Doing Well By Doing Good

by  /  News, Tax Planning

If you have an interest in supporting your favorite charity, today we consider a charitable, yet tax efficient, use of your IRA assets.

  • Whether cash flow is needed or not, every IRA owner 70 ½ and older must take required minimum distributions (“RMDs”) from their IRAs each year, based on your life expectancy and the January 1 value of all of your IRAs. This is not due to the IRS’s concern for our having adequate retirement cash flows to ensure a satisfying lifestyle, but rather a desire to collect current ordinary income tax from IRA distributions, rather than allowing the tax deferral to continue indefinitely.
  • If you are fortunate enough not to need all of your RMDs to maintain your lifestyle, you have the opportunity to make a direct “Qualified Charitable Distribution (“QCD”)” from your IRA to any public charity of up to $100,000 each year, without including such transfer in your adjusted gross income (“AGI”).
  • QCDs may only be made unconditionally to public charities, and not “quid pro quo” donations (i.e., for better basketball tickets). The charity must be public, not a private foundation, donor-advised fund or supporting organization.
  • QCDs may be made from IRAs or Roth IRAs, but not from SEP, SIMPLE or inherited IRAs. As distributions from Roth IRAs are income tax-free, they are likely not the best alternative.

A QCD will satisfy the donor’s RMD, without increasing AGI, so less income tax will be due and good will be done.

Having a higher AGI due to an IRA distribution can be detrimental to you for reasons unrelated to your IRA. Many expensive results derive from higher AGIs:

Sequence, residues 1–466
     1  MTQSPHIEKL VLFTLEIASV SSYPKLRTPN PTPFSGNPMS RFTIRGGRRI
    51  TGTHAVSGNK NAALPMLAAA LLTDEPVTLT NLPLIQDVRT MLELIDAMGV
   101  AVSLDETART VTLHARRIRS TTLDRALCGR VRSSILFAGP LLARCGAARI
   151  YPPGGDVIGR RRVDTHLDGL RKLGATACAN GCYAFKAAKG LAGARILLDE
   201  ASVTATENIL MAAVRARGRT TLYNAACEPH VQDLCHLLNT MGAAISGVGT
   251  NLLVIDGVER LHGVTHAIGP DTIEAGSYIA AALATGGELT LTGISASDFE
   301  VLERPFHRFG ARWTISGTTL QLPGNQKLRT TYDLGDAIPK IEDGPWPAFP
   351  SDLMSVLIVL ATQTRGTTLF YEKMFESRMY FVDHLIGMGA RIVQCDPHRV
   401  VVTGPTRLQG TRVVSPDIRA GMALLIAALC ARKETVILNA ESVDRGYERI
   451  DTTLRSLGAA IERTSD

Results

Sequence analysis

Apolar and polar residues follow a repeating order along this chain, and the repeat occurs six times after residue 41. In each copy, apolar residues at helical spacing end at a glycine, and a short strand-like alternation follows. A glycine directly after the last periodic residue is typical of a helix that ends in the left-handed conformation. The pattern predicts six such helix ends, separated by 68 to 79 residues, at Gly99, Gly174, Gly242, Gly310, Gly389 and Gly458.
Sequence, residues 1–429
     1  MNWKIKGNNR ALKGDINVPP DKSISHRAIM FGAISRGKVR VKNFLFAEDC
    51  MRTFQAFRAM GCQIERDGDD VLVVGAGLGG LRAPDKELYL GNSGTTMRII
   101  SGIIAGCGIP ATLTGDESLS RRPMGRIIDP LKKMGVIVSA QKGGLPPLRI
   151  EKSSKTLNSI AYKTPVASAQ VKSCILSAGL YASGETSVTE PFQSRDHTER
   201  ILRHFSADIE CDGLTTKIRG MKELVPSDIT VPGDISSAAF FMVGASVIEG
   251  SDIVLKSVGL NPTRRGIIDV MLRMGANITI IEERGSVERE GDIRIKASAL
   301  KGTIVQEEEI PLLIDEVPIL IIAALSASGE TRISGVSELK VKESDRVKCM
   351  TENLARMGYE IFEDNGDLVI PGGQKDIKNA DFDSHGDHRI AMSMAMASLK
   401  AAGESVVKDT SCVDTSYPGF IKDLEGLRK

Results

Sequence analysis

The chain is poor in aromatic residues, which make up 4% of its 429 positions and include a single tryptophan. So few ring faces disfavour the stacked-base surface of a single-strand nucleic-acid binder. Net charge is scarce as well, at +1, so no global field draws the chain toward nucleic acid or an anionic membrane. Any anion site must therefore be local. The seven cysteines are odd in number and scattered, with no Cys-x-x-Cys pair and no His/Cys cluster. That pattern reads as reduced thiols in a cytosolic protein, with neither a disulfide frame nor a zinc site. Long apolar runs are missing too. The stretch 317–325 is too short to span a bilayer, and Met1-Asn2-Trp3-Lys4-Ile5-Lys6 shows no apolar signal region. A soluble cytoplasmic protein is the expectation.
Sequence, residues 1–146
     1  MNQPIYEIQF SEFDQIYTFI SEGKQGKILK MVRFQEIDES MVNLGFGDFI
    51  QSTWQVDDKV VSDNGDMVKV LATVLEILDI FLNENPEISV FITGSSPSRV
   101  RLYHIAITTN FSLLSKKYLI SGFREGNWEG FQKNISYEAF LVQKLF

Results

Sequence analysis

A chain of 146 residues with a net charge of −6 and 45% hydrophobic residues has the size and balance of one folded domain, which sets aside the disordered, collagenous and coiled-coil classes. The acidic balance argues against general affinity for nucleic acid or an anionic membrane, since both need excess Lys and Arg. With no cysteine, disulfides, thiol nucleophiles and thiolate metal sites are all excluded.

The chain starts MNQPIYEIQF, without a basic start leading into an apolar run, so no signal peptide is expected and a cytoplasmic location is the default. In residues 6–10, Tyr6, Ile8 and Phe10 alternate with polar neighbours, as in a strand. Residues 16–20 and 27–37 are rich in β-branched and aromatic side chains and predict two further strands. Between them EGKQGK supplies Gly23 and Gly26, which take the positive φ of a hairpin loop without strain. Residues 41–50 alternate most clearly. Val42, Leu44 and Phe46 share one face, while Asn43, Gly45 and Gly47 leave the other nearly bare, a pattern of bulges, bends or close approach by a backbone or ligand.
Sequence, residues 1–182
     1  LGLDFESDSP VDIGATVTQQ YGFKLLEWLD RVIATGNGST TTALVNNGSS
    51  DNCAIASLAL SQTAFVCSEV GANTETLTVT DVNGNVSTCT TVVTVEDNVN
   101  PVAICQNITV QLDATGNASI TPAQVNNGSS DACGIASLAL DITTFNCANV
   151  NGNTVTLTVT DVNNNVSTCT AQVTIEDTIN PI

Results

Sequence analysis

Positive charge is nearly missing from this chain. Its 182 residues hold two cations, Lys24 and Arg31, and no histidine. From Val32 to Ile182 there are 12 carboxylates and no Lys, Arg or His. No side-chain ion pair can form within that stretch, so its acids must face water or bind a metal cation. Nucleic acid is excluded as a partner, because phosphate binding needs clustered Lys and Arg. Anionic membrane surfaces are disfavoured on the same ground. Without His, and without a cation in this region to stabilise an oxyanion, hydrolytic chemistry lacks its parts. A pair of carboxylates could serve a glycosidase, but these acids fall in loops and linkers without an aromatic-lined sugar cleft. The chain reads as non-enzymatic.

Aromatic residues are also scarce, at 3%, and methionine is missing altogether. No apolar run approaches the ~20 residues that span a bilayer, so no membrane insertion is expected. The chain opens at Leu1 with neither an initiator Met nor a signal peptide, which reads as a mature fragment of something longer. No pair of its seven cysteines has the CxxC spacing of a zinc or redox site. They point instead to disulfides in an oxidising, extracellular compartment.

• Higher income taxes on social security.
  • Limitations on itemized deductions and personal exemptions due to “haircuts” of such items for those with higher AGIs.
  • Limitations on annual charitable deductions (e.g., limited to 50% of AGI) could restrict deductions for your current-year contributions (although currently non-deductible contributions can be carried forward and deducted for a period of up to five years).
  • Medicare insurance premiums and Medicare surcharges increase.

Because QCDs do not increase AGI, they do not exacerbate these adverse results.

The QCD is not taxable income, so it is not deductible.

  • QCDs allow the approximately two-thirds of taxpayers who take the standard deduction, without deducting charitable gifts, to now get the equivalent of a deduction.
  • Not being taxed on income is the equivalent of a tax deduction.

Making a QCD is painless:

  • Simply contact the charity to determine the proper payee name for the check.
  • Then instruct your IRA custodian or trustee to make a transfer from the IRA directly to the charity. Most custodians already have forms and procedures in place to make this transfer.
  • The check cannot be made payable to you, it must be to the charity. It cannot flow through a non-IRA account of yours as an intermediate step.
  • The check must go directly to the charity, which must then issue you a letter of acknowledgement.

Your assets flow in one of three directions during life and at death:

  1. Your family, friends and designees, or
  2. Charities of your choice, or
  3. The Government.

Why not choose who gets your assets, rather than defaulting them to the Government?

The QCD is a user-friendly and effective way to further the good works of your favorite charities. You really can do good while doing well on your tax planning!

 

Remember, it’s not what you make that matters…it’s what you keep!



Disclaimer
The general information herein is not intended to be, nor should it be treated as tax, legal, or accounting advice, nor can it be used for the purposes of avoiding tax penalties.  Please seek advice from an independent tax advisor before acting on any information presented.

 

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Retirement Planning Focus X

by  /  News, Retirement Planning

Today we discuss five questions to ask yourself five years prior to retiring.

How Long Will You Live?

  • This is my default response to the question “Do I Have Enough Assets to Retire?”